It may not feel like it, but Nevadans who get their health insurance courtesy of the Affordable Care Act can consider themselves relatively lucky as 2017 comes into focus.
Yes, they will pay an average of 11 percent more in premiums for their coverage than they did this year. And, yes, many will only be able to pick from plans offered by a single insurer.
But it could have been far worse. Proof lies just across the border in Arizona, where some premiums are skyrocketing by triple digits and most insurers have fled the market.
A new federal report on insurance premium prices released earlier this week and a county-level analysis published Friday by the Associated Press and consulting firm Avalere Health painted a comprehensive picture of the state of ACA health care insurance entering 2017.
It wasn’t pretty.
Monday’s report by the U.S. Department of Health and Human Services showed that premiums for a midlevel benchmark plan will increase an average of 25 percent in 2017 across the 39 states served by the federally run online market, including Nevada.
For many, the news was worse. In 130 counties across six states — many of them areas down to only one participating insurance issuer — benchmark plan premiums will jump at least 75 percent, the HHS said.
That figure doesn’t include taxpayer-provided subsidies, which are available to many enrolled in an ACA plan. HHS officials noted that a majority of those who purchase plans through HealthCare.gov and its state-run counterparts – including Nevada’s Silver State Health Insurance Exchange — receive financial assistance and may not see their out-of-pocket expenses increase much, if at all.
News of the impending price increases was followed by a second whammy on Friday: The AP-Avalere analysis showing that Americans in the health insurance markets will have less choice next year than at any time since Obamacare coverage began in 2014.
About one-third of U.S. counties — or more than 1,000 counties in 26 states — will have only one health marketplace insurer next year. That includes 10 of Nevada’s 17 counties — all of them rural — and is roughly double the number of counties with a single provider in the first year of the program.
While the week’s news immediately enlivened the election cycle, Nevada’s relatively good showing could blunt its political impact here.
For example, the new HHS data indicated that the average premium for a 50-year-old nonsmoker in Nevada on the second-lowest-cost silver benchmark plan will rise from $552 in 2016 to $587 in 2017 – an increase of just 6.3 percent.
Similarly, a Kaiser Family Foundation analysis of benchmark plan premiums for a 40-year-old nonsmoker in Las Vegas found an 8 percent difference in premium costs between 2016 and 2017 rates, without factoring in tax credits.
Nor has the state seen the number of participating insurers decline to the degree that many states have. After some departures from 2015 to 2016, all three providers that offered plans in Nevada in 2016 — Anthem, Health Plan of Nevada and Prominence Health Plan — are returning in 2017. Anthem is the only insurer offering plans through the state exchange in all counties, which explains why residents in some counties only have one choice.
Experts say the level of competition in Nevada likely played a role in keeping premium increases down.
Federal officials also are keeping a close watch for signs of price-gouging in counties with only one insurer in the marketplace, which also may play a role, said Gerald Kominski, director of the UCLA Center for Health Policy Research.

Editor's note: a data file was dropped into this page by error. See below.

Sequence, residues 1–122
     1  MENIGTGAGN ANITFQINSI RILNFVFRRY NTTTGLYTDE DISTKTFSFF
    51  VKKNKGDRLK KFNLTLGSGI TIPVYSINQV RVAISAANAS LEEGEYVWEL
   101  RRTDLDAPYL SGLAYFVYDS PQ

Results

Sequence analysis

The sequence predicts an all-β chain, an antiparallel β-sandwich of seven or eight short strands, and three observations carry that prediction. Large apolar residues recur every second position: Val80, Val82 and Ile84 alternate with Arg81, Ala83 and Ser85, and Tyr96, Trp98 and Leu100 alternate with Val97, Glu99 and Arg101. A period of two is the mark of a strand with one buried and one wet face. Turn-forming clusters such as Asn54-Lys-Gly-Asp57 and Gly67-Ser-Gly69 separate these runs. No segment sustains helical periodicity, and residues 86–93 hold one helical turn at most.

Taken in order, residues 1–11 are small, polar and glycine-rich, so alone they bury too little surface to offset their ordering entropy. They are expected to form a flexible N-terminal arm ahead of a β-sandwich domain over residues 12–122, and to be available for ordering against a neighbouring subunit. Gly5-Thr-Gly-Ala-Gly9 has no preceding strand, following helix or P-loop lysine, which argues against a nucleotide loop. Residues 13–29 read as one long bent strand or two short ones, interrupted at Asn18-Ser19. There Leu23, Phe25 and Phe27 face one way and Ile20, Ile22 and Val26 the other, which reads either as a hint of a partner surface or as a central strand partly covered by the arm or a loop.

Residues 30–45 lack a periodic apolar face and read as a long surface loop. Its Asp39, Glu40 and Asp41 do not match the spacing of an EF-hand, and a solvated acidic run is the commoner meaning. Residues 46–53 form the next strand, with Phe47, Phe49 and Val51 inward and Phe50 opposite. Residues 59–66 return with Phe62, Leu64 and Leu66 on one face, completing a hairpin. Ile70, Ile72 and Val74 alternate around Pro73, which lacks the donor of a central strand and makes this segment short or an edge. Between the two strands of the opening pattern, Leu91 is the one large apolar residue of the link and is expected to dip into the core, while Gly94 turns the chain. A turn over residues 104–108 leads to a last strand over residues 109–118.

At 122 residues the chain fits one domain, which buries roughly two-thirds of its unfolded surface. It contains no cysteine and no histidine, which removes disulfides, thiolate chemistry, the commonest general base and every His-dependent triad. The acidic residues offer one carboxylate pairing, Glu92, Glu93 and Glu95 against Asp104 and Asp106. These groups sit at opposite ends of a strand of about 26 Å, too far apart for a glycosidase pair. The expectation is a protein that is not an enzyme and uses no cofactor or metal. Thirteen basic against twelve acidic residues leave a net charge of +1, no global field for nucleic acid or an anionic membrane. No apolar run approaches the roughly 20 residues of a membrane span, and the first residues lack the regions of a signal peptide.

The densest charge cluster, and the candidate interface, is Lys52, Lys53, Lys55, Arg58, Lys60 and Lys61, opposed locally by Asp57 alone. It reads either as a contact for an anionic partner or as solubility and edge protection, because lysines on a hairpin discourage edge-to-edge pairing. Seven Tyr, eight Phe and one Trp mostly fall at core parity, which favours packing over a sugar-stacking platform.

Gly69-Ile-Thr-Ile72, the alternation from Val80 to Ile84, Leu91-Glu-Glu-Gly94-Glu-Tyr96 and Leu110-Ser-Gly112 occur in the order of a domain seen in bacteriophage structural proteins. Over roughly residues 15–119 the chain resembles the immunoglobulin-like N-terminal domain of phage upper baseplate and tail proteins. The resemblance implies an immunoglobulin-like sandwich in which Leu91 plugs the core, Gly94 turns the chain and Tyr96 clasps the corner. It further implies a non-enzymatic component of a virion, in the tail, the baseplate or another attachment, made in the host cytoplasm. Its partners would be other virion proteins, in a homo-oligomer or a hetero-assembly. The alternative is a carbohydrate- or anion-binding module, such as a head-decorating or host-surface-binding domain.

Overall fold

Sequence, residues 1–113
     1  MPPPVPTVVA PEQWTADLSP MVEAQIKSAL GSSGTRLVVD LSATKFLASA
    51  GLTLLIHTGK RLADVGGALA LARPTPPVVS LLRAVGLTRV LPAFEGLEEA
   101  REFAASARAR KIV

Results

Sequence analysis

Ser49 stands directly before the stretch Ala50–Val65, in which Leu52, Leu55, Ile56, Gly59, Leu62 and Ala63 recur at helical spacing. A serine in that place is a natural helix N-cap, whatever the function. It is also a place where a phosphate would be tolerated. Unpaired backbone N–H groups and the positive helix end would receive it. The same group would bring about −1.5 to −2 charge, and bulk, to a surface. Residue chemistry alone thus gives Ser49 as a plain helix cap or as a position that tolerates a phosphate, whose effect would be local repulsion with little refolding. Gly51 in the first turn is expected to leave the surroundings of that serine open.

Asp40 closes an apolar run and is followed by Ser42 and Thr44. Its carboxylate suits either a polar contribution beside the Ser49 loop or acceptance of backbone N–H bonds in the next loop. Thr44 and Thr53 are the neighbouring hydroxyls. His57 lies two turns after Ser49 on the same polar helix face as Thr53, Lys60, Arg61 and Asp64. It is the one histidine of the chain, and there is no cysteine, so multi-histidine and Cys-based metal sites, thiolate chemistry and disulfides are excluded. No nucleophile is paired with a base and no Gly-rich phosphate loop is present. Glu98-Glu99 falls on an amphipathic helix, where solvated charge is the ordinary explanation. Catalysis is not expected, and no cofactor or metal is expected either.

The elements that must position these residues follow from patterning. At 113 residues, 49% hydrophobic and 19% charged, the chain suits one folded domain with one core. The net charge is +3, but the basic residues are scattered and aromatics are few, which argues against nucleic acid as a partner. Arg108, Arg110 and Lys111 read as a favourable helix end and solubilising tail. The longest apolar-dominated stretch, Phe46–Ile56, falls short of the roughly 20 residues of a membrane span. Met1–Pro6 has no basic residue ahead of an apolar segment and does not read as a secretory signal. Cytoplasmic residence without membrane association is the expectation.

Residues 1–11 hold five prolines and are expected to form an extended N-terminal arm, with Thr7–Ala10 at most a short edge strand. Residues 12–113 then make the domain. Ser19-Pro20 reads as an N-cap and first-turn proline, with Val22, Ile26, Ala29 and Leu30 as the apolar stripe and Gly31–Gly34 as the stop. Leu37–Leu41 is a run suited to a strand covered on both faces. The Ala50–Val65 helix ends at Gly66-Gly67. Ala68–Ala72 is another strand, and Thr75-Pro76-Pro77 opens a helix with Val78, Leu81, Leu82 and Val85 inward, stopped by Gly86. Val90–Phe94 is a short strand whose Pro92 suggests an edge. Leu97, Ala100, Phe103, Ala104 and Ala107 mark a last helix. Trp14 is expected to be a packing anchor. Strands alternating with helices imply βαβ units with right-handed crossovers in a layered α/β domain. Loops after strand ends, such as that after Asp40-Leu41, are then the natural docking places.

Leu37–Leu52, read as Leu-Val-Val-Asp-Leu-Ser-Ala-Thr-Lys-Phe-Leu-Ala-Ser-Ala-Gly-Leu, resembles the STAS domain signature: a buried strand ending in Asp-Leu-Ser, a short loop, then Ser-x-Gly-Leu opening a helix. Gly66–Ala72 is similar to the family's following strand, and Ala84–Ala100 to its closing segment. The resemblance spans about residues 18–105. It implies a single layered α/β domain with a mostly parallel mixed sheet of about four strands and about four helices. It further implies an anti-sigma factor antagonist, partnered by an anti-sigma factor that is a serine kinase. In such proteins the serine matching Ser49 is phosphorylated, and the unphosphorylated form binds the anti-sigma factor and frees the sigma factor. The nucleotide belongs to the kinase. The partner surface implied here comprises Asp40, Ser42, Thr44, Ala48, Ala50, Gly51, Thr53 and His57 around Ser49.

“I know the government is interested in monitoring whether premiums increase in marketplaces that only have one insurer,” he said.
EXCHANGE’S PHONES NOT RINGING
Heather Korbulic, executive director of Nevada’s insurance exchange, said her office hasn’t yet received calls about the rising premiums from concerned residents, which she said likely has to do with the ACA’s formula to protect customers from sharp price hikes.
“The premiums will go up, but in correlation, the amount of subsidies increases,” she said.
Nor does she believe they will have much impact on enrollment in 2017 plans, which begins on Nov. 1, given that about 87 percent of Nevadans enrolled in an exchange plan currently receive the Advanced Premium Tax Credit.
But critics say the rising premiums are hurting Nevada families that don’t qualify for subsidies.
“While the ACA expanded access to health insurance, it has fallen well short of its stated goals of expanding access to care and lowering costs, as highlighted by this recent report,” U.S. Rep. Joe Heck, R-Nev., said in a statement this week.
That’s undeniably true for many families nationwide, who are facing difficult choices as they wait for their insurance notices for 2017, even weighing whether to stay covered.
Among them are Ryan and Nicole Robinson of Phoenix, who only have plans from one insurer available next year, and the company doesn’t appear to cover an expensive immune-system medication for their 11-year-old daughter.
Ryan Robinson, who works in sales for an out-of-state health care company, said the family’s premium will go from $821 to $1,489. It’s more than their mortgage and they don’t qualify for an income-based subsidy.
But what most worries the Robinsons is how they can pay for their daughter’s two medications, one of which is an immune-system drug costing about $5,000 a month.
The Obama administration says that consumers in such situations can seek an exception, but so far Robinson said he doesn’t know if he’ll qualify for one.
“At this point we are at a loss,” he told the AP. “We don’t know what the next step is.”
The Associated Press contributed to this report. Contact Pashtana Usufzy at email@example.com or 702-380-4563. Follow @pashtana_u on Twitter.